At 63, Israel makes great progress despite unknowns

Most Israelis viewed the last five months of tectonic shift in the Middle East with hope, but also caution.

Officially, Israel kept comment to a minimum, wishing the Arab people well, but understanding that a liberal democratic outcome was not the only possible outcome in the countries undergoing internal regime change. Israel’s perception was seen as uncharacteristic given its democratic nature, and not in keeping with the general enthusiasm with which the emergence of people power was met in the U.S. and Europe.

But the Western response has since grown nuanced and moved closer to the Israeli view. There is greater awareness, both here and in Europe, that political developments in the Middle East today carry not only tremendous hope, but also momentous challenge.

Peacemaking between Israel and the Palestinians became even more complicated in the last year given the Palestinian Authority’s refusal to engage in negotiations with Israel and now with the Hamas-Fatah unity pact. Israel’s ambition remains the achievement of a full peace agreement with the Palestinian Authority that will determine borders and all other substantive issues, but we will not be able to reach peace with a Palestinian governance that does not accept our existence.

The broader implications of the Hamas-Fatah agreement have yet to play out, and it is our deep hope that the Palestinian leadership will remain our partner in the achievement of peace between our peoples in the framework of two states.

In the Bay Area, attempts to challenge Israel’s legitimacy did not gain traction. The boycott, divestment and sanctions campaign was almost completely blunted, and in every instance in which a wider public entered the discussion, attempts to marginalize or one-sidedly condemn Israel were dismissed out of hand. We may face challenges in the future that may require our resources and time, but ultimately the public is fair and will continue to reject extremist arguments, whether on billboards or before student governments.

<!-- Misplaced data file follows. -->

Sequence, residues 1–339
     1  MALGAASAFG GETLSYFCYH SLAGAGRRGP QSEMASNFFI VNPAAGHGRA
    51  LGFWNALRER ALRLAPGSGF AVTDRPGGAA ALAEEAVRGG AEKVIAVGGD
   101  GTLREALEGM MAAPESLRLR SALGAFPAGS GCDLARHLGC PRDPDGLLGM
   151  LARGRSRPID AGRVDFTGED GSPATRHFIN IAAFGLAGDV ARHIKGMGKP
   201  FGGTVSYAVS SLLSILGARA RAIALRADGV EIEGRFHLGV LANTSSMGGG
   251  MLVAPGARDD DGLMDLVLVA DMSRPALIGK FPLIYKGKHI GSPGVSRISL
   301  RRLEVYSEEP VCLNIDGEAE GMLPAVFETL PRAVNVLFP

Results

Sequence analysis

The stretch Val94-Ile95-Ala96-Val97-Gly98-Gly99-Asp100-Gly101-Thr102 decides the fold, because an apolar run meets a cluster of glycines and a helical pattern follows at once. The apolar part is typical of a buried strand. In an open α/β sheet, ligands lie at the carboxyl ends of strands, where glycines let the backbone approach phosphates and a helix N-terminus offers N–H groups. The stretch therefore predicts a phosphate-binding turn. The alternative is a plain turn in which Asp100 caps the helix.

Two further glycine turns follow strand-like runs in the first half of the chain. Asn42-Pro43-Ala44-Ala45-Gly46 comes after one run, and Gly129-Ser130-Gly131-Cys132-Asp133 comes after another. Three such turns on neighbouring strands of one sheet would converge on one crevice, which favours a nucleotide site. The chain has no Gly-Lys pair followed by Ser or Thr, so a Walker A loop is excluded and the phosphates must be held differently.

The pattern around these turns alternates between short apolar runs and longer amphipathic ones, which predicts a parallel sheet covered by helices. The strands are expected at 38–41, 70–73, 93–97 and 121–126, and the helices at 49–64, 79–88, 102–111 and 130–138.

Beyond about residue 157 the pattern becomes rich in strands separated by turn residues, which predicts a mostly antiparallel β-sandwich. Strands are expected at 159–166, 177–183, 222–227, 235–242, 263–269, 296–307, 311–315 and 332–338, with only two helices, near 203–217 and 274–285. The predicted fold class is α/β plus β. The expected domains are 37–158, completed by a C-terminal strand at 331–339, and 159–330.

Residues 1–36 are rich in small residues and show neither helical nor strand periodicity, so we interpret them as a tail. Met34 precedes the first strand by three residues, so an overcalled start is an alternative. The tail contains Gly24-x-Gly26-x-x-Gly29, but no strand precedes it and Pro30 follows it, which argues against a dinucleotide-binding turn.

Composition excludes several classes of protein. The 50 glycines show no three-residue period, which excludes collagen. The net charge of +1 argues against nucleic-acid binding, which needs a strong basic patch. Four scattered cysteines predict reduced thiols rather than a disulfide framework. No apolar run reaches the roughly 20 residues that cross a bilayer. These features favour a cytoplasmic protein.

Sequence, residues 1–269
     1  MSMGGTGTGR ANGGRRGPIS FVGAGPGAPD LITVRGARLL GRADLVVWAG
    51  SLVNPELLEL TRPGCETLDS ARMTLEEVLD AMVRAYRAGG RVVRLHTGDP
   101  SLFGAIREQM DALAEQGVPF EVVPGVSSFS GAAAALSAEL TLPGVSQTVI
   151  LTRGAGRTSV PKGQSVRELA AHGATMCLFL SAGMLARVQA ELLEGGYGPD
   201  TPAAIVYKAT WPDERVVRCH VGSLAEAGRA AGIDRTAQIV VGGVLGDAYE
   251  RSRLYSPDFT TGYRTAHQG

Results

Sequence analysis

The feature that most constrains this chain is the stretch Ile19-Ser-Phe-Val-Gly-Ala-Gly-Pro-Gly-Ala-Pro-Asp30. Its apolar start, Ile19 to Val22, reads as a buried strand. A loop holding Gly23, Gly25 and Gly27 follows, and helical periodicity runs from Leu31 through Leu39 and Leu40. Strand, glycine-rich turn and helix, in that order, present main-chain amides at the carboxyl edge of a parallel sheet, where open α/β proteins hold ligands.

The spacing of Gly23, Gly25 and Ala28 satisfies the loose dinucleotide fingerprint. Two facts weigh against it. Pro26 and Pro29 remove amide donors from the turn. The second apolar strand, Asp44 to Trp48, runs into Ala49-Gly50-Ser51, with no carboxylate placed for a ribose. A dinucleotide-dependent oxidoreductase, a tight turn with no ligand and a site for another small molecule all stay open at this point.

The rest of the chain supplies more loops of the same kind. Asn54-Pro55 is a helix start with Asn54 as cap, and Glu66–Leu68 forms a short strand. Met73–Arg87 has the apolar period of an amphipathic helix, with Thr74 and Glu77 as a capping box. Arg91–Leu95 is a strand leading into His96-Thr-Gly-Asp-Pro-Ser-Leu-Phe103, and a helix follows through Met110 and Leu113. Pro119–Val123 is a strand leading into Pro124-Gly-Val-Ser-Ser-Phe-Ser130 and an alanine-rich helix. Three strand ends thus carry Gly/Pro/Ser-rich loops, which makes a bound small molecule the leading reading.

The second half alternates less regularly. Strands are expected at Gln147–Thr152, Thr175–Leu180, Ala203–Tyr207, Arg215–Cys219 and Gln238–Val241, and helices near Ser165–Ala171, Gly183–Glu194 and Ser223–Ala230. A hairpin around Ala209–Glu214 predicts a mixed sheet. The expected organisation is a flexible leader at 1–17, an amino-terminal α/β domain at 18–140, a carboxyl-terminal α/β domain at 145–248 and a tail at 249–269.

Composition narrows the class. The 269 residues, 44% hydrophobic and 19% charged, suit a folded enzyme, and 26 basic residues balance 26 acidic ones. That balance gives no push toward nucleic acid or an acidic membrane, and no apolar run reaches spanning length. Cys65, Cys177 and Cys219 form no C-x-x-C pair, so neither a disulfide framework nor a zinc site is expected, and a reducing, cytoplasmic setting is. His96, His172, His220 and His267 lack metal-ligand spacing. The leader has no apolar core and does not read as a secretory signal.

Not only has the BDS agenda largely failed, but Israel’s economy is growing. In 2011 it will be the first country in the world to institute a national electric car grid — Israelis will be able to purchase electric vehicles commercially and drive them from Metulla to Eilat, stopping no more than they would to fill up with gas.

And nowhere is the impact of Israeli tech innovation felt more keenly than in Silicon Valley, where Palo Alto’s University Avenue seems to blend seamlessly into Herzliya Pituach.

In the Bay Area, Jewish schools are expanding, and some even face oversubscription. Israel is being taught through innovative curricula, and there is a renewed emphasis on teaching Hebrew. Israeli cultural productions came to the Bay Area on an almost weekly basis. On a mission of the rabbinic leadership to Israel last January, I found a skilled spiritual leadership committed to Israel and devoted to deepening the ties of their communities with the Jewish state.

Yet there is one glaring statistic that troubles my sleep, and should bother every member of the Jewish community.

This year, same as last year and the year before it, we continued to reject more applicants to Birthright than were actually sent to Israel. Of the young people in the Bay Area who applied to go on a Birthright trip, 58 percent were rejected and told that there were no financial resources for them to participate this year.

We know from years of empirical study that 80 percent of those waitlisted do not reapply, and we know that those who participate become animated and re-engaged about their Jewish identity.

The problem is not a lack of buses in Israel, or lack of Israel government funding — Israel almost doubled Birthright funding this year. The waiting lists exist because local Jewish financial contributions are lacking.

This is a huge failure of the imagination on the part of our community. The great majority of these Birthright applicants are young Jews from unaffiliated families. They have little or no connection to our synagogues, schools or federations, but they hear that Jewish people are offering them a visit to their homeland. They knock on our door — and we turn them away.

In doing this, we act shortsightedly as a community and mortgage our future. I very much hope that 2011 will be the year that the Bay Area becomes the first major metropolitan region in North America to abolish its waiting list and send every Birthright applicant to Israel.

Akiva Tor
is the consul general of Israel to the Pacific Northwest.